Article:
The growing conditions here vary depending on the subregion. Some are somewhat similar to Central America while others are more exposed to the sun radiation which causes farmers to utilize shade.

  • Southern

Going South, you will find coffee beans with stronger hints of citrus and acidity. Also, the area lies closer to the equator with higher altitudes, so they are often associated with better-quality coffee.

Similarly, some people describe the grouping of Huila, Cauca, and Nariño as the “New Colombian Coffee Triangle”, which is the area known for producing specialty coffee with caramel and fruity notes more prominent aromas.

In addition, the average farm size here is much smaller than in other areas. Like the Northern, the Southern zone also has only one dry and one wet season.

However, the harvest is in the Summer and Spring instead of Fall. This is part of the reason why the best Colombian coffee is available year-round.

  • Eastern

Lastly, the eastern zone is the smallest including only Casanare, Arauca, Caquetá, and Meta. They are the high priority place, helping farmers growing their farm size and focusing on the coffee varieties that are better suited to that area.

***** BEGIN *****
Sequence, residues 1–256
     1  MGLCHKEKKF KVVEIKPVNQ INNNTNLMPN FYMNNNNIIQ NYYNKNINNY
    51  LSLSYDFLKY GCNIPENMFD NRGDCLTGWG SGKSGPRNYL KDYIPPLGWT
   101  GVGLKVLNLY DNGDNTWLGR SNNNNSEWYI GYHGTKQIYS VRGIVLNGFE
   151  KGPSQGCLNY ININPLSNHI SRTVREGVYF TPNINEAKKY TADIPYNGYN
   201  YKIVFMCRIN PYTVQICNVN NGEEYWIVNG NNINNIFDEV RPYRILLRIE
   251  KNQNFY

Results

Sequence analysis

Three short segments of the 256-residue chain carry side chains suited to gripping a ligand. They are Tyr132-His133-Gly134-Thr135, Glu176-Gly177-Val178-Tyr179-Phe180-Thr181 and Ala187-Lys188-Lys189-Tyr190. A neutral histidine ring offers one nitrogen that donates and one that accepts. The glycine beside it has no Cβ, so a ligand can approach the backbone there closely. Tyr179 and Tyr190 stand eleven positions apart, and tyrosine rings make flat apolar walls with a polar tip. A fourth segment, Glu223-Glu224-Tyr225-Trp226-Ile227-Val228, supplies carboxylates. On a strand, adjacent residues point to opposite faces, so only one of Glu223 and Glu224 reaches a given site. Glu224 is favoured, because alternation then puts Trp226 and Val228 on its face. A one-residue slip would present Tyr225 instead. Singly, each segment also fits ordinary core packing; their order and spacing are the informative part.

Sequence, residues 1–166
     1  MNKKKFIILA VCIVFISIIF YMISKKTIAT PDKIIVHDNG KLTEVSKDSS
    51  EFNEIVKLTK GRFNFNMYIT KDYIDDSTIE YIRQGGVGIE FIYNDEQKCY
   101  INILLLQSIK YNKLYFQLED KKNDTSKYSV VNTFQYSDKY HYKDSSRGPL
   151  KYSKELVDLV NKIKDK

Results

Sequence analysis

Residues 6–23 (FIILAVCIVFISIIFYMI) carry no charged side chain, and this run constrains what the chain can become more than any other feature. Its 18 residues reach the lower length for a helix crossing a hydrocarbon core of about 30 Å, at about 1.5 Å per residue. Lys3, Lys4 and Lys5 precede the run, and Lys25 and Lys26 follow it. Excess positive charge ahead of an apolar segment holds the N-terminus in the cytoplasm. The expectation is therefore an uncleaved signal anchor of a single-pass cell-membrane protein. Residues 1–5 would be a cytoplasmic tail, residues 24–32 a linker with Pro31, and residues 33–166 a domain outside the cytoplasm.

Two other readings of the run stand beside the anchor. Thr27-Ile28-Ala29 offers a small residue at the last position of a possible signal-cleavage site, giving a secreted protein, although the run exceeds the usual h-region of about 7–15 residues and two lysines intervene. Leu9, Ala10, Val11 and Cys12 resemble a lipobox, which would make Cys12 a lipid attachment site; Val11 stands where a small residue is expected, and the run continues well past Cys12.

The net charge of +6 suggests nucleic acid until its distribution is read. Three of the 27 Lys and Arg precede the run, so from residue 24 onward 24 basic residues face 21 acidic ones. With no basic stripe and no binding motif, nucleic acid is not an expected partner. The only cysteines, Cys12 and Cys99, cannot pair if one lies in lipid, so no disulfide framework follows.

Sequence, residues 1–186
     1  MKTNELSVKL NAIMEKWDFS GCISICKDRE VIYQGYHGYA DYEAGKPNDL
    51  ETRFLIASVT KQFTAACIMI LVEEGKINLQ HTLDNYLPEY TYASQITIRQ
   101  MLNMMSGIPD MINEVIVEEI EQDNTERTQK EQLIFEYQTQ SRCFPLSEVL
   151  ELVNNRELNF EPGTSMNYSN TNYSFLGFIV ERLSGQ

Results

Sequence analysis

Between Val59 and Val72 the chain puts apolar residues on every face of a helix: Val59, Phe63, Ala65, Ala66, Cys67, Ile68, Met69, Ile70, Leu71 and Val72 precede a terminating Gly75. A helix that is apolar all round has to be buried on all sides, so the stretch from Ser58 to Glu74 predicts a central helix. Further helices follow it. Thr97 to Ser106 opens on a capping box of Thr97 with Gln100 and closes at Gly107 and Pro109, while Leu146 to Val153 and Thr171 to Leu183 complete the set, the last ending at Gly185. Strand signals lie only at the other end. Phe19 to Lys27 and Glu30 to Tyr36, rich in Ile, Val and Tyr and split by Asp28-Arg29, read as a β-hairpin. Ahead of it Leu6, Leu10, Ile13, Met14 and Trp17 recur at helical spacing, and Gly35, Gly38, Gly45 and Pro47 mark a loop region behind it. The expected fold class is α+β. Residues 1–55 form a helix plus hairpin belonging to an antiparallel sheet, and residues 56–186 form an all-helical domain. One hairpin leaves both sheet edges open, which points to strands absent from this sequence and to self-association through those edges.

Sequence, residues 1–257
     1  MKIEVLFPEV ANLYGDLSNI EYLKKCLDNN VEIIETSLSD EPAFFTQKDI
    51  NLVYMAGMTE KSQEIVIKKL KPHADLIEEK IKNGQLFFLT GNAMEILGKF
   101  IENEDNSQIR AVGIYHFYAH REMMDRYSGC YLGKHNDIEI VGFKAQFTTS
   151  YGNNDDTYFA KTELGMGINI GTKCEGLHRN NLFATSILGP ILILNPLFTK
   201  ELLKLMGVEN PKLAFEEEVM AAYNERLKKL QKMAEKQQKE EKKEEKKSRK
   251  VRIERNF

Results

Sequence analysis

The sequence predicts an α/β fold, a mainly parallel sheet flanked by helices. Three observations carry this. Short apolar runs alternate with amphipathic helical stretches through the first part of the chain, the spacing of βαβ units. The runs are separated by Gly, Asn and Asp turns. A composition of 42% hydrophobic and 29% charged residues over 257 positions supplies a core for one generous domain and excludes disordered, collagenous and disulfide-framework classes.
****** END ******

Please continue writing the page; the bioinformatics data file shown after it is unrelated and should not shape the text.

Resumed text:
The region has a similar climate to the Northern region, only with higher humidity levels due to more rainfall.

3) Coffee Processing

In Colombia, most coffee farmers will process their coffee at their own facilities. The Colombian Arabica coffee beans are usually wet-processed. It is where water is used in order to separate the pulp from the cherries.

This washed processing works well in most climates and helps reduce labor and provide overall monitoring than most processes. It gives the best Colombian coffee with a brighter, cleaner, and more fruity profile. Read Here: Best Pour Over Coffee Makers

Still, there are some Colombian coffee producers that opt to utilize the natural methods combined with the honey in order to process their coffee beans. The alternative process offers more body and sweetness because of the fermentation of the fruit left on the coffee beans during drying.

The Colombian Coffee Crisis

Best Colombian Coffee

There are a couple of things that have affected and continued to hurt the Colombian Coffee industry that leads to the current Colombian coffee crisis. Some have been going on since the 1990s, as mentioned before.

  • Production Cost Vs. Market Prices

First off, the global market price for the coffee beans is almost entirely detached from the production prices of Colombia. Instead, it’s set in New York and is largely dictated by the US monetary policy as well as giant Vietnam and Brazilian markets.